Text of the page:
Sunday, May 26, 2013
Pulse: Sin & Faith (Guest Post by Kyle A. Kiekintveld)
The Church always considers itself in crisis, in need to address the differences between secular society and the Scripture, in the need make sense of war, poverty and the sorrow of the world, but one of the biggest issues facing the Church is not exclusive to the Church, it is best addressed by the parishioners. It is an idea as old as civilization, but greatly exacerbated by our culture of constant consumption of media, celebrity and social networking.
It is the concept that we are simple beings. It is the idea that we can see a little of someone, through reality television (which of course is as real as the WWE), we know someone through what they say on Facebook, through the gossip, through the their attendance (or lack of) at Church. We think people have the perfect marriage, the perfect children, just because of a few quick Facebook or Instagram pictures. We have arrogantly oversimplified life and experience that we feel with little information we can understand what another person has gone through, we can pass judgement on their worth.
Of course this has no Biblical basis and we are warned heavily against judging one another, but it is part of the human condition. It is heavily ingrained not only in our culture but our psychology as well. The benefits of making decisions and judgements on people are numerous, even when we know we must fight it.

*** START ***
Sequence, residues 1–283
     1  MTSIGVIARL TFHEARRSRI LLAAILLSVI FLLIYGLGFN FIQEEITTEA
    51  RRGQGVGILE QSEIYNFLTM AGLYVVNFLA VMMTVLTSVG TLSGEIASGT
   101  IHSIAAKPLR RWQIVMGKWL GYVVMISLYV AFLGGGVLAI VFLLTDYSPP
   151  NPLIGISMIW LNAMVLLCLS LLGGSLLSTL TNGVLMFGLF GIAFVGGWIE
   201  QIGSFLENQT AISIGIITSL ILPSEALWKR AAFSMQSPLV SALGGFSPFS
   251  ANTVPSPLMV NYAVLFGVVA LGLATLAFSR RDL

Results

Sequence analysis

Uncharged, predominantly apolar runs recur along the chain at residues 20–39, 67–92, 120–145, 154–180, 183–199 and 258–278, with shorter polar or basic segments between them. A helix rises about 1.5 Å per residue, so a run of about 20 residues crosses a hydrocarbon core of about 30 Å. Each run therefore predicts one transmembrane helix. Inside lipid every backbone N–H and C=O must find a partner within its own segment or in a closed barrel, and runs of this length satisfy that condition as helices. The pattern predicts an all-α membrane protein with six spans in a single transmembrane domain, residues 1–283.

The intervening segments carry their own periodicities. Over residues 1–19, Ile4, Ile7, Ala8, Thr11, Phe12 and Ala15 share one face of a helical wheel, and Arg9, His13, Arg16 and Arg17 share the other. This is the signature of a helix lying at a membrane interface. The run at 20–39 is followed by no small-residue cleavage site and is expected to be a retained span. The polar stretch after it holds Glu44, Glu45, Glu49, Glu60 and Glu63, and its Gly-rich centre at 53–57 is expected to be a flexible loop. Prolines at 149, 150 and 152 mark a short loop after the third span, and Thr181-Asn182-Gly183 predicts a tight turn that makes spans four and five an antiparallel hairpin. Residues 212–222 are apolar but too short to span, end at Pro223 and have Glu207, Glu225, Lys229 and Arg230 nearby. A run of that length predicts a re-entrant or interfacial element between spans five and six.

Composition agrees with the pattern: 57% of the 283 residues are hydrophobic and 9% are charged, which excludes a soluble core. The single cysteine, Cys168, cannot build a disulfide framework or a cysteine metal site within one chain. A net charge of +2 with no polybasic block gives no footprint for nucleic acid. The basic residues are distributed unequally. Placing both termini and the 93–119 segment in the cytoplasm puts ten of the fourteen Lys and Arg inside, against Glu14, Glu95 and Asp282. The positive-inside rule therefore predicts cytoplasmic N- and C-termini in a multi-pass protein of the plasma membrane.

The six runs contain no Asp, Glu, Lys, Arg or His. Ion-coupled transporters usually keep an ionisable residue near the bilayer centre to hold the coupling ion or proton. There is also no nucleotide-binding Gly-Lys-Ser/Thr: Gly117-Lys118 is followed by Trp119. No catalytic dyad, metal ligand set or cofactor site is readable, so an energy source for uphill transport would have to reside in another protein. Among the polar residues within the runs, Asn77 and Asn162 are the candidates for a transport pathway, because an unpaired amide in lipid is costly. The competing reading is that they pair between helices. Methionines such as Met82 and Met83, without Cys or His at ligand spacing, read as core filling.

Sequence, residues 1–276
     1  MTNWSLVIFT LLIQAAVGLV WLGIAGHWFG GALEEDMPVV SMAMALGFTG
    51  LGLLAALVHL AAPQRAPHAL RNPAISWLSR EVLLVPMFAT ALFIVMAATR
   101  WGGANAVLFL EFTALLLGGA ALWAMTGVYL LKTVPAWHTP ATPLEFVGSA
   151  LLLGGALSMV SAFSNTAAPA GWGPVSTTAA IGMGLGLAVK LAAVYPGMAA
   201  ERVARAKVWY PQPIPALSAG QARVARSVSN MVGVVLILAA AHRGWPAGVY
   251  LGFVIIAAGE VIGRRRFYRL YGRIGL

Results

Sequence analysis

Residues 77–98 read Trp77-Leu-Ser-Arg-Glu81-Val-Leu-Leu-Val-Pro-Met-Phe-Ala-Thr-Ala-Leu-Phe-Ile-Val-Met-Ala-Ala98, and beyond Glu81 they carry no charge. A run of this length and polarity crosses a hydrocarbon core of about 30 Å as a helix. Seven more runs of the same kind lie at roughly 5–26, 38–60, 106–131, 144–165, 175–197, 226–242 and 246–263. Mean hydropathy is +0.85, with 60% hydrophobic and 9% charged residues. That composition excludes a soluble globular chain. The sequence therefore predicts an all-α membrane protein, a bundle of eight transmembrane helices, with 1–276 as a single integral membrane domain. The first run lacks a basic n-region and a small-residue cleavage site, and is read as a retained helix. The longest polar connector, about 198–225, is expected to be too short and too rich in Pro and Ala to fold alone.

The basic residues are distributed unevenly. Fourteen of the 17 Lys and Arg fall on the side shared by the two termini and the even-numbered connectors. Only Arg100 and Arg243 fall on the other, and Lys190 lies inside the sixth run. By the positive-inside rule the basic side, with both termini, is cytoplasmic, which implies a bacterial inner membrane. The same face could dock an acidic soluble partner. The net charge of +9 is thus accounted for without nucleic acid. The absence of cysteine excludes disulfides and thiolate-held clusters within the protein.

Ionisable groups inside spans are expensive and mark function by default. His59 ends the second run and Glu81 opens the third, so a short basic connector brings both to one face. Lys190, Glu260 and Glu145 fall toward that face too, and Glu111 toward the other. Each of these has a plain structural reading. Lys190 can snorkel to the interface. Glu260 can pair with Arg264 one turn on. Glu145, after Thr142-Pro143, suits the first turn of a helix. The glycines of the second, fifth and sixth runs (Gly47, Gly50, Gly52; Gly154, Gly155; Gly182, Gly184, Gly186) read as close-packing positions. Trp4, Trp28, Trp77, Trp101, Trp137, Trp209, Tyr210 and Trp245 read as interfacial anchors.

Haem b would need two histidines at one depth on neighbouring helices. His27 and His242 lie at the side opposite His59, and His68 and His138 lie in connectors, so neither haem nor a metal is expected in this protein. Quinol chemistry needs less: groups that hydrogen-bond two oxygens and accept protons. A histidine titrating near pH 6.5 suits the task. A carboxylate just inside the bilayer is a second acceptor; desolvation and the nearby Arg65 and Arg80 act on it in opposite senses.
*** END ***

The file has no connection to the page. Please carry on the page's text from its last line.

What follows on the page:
2. In what (positive or negative) ways has our generation already engaged with this issue?
The Bible addresses this issue directly, most powerfully with the story of the Woman at the Well. In the midday heat while Jesus takes a break at Jacob’s Well, a Samaritan woman went to fetch water, and in typical Jesus fashion, Jesus broke a number of taboos, he spoke to her (who was to be despised because she was not just a woman but a Samaritan woman) and he asked her to fetch him a drink, which would have rendered the drink unclean. The woman was known to have multiple husbands and be living with a man she was not wed to (thus she fetched water at the hottest part of the day to avoid the judgment of others) still Jesus broke taboos to speak to her. He did not think twice to speak to the woman despite her immorality.
At the best of times Church can be an emotional and spiritually difficult place to attend but for those who are introverted, those who struggle with their own sins, to feel judged when they attend Church just created a barrier that can seem insurmountable. Yet despite of stagnant or even dwindling Church attendance Christian media is a successful and even growing industry. People still have faith but feel a disconnect with Church itself.
3. What can we do to improve our relationship with addressing this issue? Or can things be improved?
Fortunately all is not lost on this issue. Churches have numerous ways to combat this disconnect, from Podcasts of Sermons to Outreach Groups to House Churches. The latter two are perhaps the best responses the Church has. Both allow much more intimate worship than trying to blend into a crowd of dozens, hundreds or even thousands. These are not complete solutions to the problem, in the end we must remember even if we know the sin, the sinner is made in God’s beautiful and infinitely complex image.
Kyle A. Kiekintveld is a writer based out of Western Michigan, he is an avid beer, music, literature and video game aficionado. Despite his love for profanity, violent, violent video games and Harry Potter, Kyle is fairly certain Jesus would like him. He can be found on Twitter and Tumblr.